Crown attorneys share responsibility for Canada’s dysfunctional justice system

As a retired Crown, I aim to lift the veil of secrecy preventing fundamental improvements

Crown attorneys share responsibility for Canada’s dysfunctional justice system
Chris Leafloor

Almost every day, media stories report on events that raise concerns about the effectiveness of the Canadian justice system. Shortages of judges and court staff and Crown delays have caused serious criminal charges to collapse. Important criminal cases have failed and left observers wondering if mistakes were made. People are spending their own money on investigators, security guards, and lawyers because they believe that the police and Crown will not be able to help them. Organized criminals appear to target Canada because of their belief that the Canadian justice system is soft on crime. Not surprisingly, the public is increasingly worried about vehicle thefts, fraud and violence in our communities.

What is going on?

Many commentators have complained about apparent issues with some police officers and police departments and a lack of judges, courtrooms and court staff. In my view, however, this critique should be directed, as well, at the offices of the Crown attorneys, both Federal and Provincial.

As a retired Federal Crown attorney who has prosecuted hundreds of criminal trials in Toronto, I believe there should be more scrutiny of Crown attorney departments. There is room for improvement in the way these offices are managed. However, Crown attorneys are not permitted to speak about this because when they were hired, they signed a promise not to disclose information they obtain due to their employment. (See, for example, the Federal Public Service Employment Act, s. 54, and the Public Service of Ontario Act, s. 6.) These obligations continue after their employment and, in effect, create a permanent non-disclosure agreement. What we know, though, from publicly available materials, is the following:

We assume that the marketplace will eventually correct managerial deficiencies in the private sector. The public service, though, is a monopoly, and weaknesses are not automatically corrected.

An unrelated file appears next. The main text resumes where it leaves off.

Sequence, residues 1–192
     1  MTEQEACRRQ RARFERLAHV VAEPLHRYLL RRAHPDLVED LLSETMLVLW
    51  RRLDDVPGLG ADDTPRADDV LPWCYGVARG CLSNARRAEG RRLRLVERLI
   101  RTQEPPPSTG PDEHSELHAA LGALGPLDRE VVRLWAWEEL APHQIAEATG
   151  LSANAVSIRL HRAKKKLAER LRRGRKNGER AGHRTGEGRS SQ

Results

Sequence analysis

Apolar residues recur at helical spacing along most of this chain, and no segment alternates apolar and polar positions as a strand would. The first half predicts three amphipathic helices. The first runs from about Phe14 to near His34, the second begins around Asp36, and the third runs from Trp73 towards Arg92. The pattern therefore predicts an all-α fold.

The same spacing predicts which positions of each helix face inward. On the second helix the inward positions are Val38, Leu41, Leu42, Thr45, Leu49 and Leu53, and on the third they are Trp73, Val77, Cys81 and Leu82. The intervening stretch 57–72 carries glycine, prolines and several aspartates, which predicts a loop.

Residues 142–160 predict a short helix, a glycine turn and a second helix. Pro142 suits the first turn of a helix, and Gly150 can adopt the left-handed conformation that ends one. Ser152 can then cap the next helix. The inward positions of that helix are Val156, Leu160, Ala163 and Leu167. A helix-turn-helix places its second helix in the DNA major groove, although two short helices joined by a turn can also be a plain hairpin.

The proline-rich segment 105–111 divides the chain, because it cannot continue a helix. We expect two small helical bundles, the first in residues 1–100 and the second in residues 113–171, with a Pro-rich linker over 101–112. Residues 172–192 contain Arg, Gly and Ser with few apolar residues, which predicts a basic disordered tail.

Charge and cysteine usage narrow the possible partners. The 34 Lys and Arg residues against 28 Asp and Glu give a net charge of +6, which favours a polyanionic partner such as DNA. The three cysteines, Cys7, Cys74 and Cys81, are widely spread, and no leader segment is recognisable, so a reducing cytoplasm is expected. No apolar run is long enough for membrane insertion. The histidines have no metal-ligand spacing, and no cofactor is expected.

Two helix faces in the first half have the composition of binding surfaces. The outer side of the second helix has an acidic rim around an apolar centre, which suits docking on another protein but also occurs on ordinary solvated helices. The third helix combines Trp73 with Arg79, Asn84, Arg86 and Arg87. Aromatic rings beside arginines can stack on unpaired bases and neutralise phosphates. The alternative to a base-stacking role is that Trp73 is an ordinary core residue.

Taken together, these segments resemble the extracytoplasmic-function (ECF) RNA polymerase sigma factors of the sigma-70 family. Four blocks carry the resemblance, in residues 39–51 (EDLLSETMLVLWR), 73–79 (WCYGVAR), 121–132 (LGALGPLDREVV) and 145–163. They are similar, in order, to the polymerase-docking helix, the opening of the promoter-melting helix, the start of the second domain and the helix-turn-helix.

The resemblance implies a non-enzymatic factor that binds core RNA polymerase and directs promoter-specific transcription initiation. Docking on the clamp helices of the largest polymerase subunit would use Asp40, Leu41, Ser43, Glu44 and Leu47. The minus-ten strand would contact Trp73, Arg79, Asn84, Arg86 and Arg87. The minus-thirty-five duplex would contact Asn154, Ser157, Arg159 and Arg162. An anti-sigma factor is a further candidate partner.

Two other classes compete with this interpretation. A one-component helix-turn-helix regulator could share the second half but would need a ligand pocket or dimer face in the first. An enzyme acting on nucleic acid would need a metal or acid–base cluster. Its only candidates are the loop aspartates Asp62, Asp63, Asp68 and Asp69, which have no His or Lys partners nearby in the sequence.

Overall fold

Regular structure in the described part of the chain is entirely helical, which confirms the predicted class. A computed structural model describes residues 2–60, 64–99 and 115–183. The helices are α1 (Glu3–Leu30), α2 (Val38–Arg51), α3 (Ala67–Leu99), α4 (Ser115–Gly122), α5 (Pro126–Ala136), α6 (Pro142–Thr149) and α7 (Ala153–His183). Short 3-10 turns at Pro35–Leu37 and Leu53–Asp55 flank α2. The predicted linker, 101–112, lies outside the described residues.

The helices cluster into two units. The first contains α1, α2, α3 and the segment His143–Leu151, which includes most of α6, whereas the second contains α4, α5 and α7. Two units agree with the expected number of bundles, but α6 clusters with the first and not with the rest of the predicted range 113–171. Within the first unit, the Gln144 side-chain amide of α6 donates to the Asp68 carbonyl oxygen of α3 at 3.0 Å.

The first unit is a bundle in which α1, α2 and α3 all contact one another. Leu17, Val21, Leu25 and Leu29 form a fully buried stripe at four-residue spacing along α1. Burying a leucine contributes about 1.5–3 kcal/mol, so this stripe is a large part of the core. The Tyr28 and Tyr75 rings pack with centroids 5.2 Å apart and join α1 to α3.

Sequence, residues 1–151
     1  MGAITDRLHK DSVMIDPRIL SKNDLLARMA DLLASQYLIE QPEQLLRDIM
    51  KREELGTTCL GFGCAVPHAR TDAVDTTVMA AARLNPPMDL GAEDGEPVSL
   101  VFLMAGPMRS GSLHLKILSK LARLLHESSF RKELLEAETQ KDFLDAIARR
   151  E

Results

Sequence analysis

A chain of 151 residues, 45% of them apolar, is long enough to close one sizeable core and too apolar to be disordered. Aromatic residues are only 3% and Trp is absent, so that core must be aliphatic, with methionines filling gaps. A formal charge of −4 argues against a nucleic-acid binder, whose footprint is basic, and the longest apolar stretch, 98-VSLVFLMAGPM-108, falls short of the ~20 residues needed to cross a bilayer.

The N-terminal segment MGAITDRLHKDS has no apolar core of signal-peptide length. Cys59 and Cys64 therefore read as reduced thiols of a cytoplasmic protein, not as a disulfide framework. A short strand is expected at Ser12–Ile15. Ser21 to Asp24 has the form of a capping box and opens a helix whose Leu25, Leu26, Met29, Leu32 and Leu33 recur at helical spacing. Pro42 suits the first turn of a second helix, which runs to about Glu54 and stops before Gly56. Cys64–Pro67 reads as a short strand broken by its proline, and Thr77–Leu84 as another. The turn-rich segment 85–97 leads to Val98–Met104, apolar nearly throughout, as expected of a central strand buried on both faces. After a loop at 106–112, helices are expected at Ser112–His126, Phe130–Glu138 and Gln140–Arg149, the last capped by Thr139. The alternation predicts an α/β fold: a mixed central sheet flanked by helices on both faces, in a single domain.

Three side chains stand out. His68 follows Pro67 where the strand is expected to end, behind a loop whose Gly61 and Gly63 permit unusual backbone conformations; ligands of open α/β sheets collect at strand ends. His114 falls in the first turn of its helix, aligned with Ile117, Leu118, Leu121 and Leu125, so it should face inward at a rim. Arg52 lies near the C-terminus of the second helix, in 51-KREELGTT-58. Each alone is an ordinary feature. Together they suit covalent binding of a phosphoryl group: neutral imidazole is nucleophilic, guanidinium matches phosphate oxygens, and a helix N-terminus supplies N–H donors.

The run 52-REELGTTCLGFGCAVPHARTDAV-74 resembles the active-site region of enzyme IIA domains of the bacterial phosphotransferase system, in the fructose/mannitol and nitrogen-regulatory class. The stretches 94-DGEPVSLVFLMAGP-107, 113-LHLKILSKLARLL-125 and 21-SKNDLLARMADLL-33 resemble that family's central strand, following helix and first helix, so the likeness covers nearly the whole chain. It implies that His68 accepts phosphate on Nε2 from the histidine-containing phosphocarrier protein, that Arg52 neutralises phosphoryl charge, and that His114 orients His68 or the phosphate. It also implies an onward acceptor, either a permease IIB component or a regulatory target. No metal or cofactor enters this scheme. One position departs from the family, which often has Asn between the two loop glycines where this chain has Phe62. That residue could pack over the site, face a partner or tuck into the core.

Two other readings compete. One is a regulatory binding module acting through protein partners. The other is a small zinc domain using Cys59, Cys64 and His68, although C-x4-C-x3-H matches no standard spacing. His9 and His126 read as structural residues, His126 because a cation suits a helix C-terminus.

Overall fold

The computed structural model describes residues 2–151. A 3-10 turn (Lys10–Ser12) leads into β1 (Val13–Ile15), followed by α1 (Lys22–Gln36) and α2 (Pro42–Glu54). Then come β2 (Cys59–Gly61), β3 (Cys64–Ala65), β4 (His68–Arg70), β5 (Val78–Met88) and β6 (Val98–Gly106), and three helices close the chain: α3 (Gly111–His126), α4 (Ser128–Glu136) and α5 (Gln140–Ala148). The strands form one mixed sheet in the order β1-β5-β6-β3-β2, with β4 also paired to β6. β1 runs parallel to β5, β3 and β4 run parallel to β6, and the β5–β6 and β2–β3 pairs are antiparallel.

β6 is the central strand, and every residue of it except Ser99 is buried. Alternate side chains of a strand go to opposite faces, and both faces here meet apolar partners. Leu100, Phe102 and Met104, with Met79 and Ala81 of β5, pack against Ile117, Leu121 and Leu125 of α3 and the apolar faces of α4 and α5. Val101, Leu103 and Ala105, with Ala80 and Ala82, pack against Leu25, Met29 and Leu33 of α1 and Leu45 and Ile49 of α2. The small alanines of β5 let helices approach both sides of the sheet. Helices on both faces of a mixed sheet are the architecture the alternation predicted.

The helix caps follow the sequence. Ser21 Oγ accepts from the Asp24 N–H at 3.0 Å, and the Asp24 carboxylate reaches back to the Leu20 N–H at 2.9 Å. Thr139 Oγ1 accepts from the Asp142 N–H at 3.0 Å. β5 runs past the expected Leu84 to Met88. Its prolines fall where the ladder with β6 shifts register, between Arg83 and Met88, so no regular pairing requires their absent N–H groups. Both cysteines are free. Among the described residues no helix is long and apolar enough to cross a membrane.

Government and bureaucratic secrecy are additional obstacles to accountability in the public service. In criminal prosecutions, secrecy may be essential, such as with “informer privilege,” which must always be protected. Crown discretion is also important. But, for Crown attorneys, a veil of secrecy is the general rule, as employees are bound by oaths and codes of conduct which impose rules of privacy, secrecy, confidentiality and loyalty. Canadian whistleblower laws do not protect these employees: Opinion: There’s a global trend toward strong whistleblower laws - except in Canada. In the face of these obstacles, most employees who are unhappy keep quiet. Some file internal complaints, which often accomplish little. Some frustrated employees leave and find other employment.

Results matter. The public relies on the police and Crown attorneys to prosecute crime effectively. How can the public judge the effectiveness of the offices of Crown attorneys when there is veil of secrecy over their activities?

In my view, the offices of the Crown attorneys, both federal and provincial, should be scrutinized more. For example, how do Crown attorney managers monitor the effectiveness of their operations? What are the criteria, and do they make sense? How well is the organization performing when judged by these standards? How successful is management in improving employee morale and mental health? Are charges being stayed or withdrawn for good reasons or because Crowns are short-staffed and overworked? Why are serious fraud investigations and charges so rare and ineffective? Why is the Ontario government no longer publishing statistics about the results of charges in Toronto? Why do these provincial statistics not record whether trials result in convictions? How do we determine the boundaries between what is secret and what is not, and whether information is correctly categorized as confidential? Why have our governments not reformed our whistleblower laws?

The veil of secrecy should be lifted as much as possible so that everyone involved, including the public, may have honest discussions about improving our justice system. Without improvements, the situation may continue to decline.

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